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ally, an episode that 100% felt like Torchwood - a strong story and strong characters, along with a horrifying plot development.

Now we see another part of PhiCorp’s plan. It’s taking a chapter from the book of World War II: people receiving categories to define their life and furnaces to deal with the most unwanted. But knowing what little we know of PhiCorp, controlling the healthcare of practically all humans through the overflow camps might not be for the simple reasons of money and power. With the cryptic mentions of who controls the company, along with the Time Lord technology stockpiling the pain medication, this points to something more than just typical human greed. But whether it’s an alien influence, or humans with access to alien technology, has yet to be seen. The more interesting aspect is that the rest of the world, in a time of crisis, is willing to go along with PhiCorp’s plan, stick their heads in the sand, and not ask questions. It’s a classic Russell T Davies social commentary on the evils any person can perform. 

The final reveal of the horrors of the overflow camps centered around Vera’s murder, which was about as horrifying as Torchwood gets. Since people don’t die, presumably ever, she would have been aware and conscious up until the point her brain was ash, if not longer. And Rex could only stand outside and watch, and film. Her death was also wonderfully gutsy, and well done. Her arrogance at assuming she would be allowed to walk out of the overflow camp after threatening to prosecute, and then disbelief at getting shot, was good writing and good acting.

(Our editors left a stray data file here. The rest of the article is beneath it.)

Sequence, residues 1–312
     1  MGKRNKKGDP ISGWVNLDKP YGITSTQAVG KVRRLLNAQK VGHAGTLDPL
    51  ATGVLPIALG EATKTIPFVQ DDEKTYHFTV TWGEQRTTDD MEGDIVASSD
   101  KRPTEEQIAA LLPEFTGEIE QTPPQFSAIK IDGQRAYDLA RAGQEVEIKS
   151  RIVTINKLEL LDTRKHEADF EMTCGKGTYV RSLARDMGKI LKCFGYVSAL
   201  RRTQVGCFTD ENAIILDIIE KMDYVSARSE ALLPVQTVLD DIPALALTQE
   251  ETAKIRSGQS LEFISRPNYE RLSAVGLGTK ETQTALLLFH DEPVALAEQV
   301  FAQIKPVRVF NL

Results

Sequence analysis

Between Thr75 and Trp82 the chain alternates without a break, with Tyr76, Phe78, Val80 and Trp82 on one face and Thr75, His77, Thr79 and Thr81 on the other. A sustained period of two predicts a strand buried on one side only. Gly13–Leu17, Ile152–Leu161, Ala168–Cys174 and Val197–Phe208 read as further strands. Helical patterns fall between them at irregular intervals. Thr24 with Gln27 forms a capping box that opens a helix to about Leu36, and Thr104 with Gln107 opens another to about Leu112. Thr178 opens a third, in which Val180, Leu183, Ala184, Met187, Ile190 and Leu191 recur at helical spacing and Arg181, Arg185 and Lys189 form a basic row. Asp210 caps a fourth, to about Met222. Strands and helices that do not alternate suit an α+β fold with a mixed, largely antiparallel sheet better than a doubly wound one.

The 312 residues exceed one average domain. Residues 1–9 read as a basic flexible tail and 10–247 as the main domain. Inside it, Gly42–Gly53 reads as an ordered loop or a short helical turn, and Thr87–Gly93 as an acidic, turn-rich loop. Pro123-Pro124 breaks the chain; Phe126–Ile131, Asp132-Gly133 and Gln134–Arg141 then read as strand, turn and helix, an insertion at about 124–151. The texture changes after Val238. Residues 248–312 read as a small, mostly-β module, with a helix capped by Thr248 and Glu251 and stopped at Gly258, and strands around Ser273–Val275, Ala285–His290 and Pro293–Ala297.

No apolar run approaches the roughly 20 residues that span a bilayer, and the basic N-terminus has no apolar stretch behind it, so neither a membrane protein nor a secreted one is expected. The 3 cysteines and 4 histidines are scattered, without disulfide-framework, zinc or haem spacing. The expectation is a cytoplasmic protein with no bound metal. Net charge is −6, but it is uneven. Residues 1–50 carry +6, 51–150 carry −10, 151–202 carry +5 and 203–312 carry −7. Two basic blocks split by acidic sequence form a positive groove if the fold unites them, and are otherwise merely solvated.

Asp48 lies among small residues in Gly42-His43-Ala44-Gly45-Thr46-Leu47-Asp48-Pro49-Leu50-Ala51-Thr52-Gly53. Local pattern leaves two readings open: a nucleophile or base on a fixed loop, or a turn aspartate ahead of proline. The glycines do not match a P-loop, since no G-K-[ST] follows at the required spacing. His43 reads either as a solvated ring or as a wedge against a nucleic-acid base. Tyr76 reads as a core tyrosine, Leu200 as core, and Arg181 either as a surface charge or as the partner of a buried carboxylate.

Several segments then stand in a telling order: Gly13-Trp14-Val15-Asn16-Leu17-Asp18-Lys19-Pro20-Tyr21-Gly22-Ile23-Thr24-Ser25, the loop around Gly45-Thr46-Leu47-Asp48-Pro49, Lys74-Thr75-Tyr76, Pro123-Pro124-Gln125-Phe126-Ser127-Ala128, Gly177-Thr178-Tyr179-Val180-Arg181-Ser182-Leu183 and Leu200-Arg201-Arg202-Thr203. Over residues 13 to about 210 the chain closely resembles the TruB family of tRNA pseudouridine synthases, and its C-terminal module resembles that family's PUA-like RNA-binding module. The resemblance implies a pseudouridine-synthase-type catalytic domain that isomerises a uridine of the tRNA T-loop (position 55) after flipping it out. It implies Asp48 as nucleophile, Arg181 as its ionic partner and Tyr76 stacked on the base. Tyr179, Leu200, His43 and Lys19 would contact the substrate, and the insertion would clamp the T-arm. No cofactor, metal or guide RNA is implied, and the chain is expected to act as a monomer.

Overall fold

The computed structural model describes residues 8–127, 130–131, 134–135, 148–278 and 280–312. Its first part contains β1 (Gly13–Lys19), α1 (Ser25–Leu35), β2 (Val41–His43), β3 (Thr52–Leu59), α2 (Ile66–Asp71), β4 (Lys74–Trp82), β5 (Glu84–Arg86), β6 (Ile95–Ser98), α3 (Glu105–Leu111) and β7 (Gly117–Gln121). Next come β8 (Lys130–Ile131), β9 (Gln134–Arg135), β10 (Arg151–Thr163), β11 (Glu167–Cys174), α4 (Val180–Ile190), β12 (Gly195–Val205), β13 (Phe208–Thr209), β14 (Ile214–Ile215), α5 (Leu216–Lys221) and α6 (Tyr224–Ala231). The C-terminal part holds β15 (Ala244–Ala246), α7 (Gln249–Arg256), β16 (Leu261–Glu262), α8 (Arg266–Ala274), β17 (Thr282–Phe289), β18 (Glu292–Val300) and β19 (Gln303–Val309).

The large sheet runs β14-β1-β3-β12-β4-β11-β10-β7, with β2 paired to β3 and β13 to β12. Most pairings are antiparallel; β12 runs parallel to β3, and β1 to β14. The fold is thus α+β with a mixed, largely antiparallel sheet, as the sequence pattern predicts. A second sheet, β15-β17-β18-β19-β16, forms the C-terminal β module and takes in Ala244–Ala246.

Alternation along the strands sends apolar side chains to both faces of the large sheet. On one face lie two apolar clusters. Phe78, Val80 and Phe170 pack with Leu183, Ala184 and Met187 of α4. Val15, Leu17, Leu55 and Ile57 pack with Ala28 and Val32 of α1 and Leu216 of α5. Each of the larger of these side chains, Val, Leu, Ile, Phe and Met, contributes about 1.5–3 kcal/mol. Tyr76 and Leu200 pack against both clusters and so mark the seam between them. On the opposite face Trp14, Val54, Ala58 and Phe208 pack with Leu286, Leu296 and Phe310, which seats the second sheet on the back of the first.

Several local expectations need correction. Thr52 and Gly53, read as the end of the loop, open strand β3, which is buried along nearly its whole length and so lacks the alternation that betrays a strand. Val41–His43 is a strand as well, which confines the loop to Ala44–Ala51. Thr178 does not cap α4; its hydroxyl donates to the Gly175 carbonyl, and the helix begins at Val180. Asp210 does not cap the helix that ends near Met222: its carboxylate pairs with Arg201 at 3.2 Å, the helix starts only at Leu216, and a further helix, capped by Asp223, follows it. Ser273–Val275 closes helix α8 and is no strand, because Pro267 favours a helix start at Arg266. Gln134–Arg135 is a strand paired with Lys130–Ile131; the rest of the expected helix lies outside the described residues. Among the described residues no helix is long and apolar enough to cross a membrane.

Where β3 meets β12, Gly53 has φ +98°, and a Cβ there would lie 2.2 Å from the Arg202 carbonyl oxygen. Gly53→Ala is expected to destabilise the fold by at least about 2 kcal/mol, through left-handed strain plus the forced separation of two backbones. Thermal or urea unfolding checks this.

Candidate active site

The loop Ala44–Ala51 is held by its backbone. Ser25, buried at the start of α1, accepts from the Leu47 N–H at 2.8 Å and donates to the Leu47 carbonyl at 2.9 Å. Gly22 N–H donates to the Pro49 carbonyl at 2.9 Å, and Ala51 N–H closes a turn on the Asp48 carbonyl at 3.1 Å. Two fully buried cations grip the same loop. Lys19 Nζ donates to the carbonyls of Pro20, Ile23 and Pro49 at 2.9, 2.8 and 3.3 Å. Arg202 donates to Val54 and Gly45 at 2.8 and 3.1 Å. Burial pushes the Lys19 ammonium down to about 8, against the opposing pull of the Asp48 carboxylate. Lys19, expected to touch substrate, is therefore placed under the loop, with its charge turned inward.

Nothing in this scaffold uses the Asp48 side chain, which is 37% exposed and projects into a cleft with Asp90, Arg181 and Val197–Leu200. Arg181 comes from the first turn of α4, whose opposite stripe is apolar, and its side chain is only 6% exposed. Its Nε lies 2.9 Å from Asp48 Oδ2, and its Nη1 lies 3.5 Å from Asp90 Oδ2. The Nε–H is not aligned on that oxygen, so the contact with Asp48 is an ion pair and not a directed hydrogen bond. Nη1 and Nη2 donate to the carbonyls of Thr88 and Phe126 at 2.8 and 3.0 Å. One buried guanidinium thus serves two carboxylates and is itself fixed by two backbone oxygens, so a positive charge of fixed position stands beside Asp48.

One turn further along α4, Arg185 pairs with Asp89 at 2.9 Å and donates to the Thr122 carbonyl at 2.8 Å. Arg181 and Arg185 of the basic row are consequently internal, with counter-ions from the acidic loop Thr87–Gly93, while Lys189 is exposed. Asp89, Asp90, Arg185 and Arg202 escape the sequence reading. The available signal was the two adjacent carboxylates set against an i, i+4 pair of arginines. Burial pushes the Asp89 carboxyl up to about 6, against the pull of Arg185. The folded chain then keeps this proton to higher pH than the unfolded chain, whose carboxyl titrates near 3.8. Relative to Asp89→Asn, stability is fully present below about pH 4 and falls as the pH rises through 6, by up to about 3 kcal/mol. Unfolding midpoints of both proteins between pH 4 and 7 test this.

I didn’t think Torchwood would kill anyone off this early in Miracle Day, but the writers went ahead and took the plunge. It’s not bad or good - Torchwood has a habit of doing this and as long as they don’t actually kill off anyone from the first three seasons I’m past the point of caring. It will be interesting to see how Vera’s murder warps Rex, especially if he blames Esther and Jack for letting Vera join the mission, and what he does with the video footage. If viewers had any hope for Vera still being alive, Jane Espenson comments via her Twitter account: "burning means you really really are dead".

As for the rest of the episode, no complaints. Jack anticipated Danes’ true wish of wanting to die, and got it wrong. Danes’ speech and the crowd’s disturbingly supportive response was an expected continuation of his plotline. I really like how they’re tying Jack and Danes together, and it will be interesting to see how Jack ultimately deals with Danes, or possibly vice versa. Gwen’s slapdash run-in-and-rescue approach with her father hurt rather than saved him, and for all of Gwen’s self-confidence and experience, she still has to learn to look further ahead at the consequences of her actions.

This was a good episode, and I look forward to the next.

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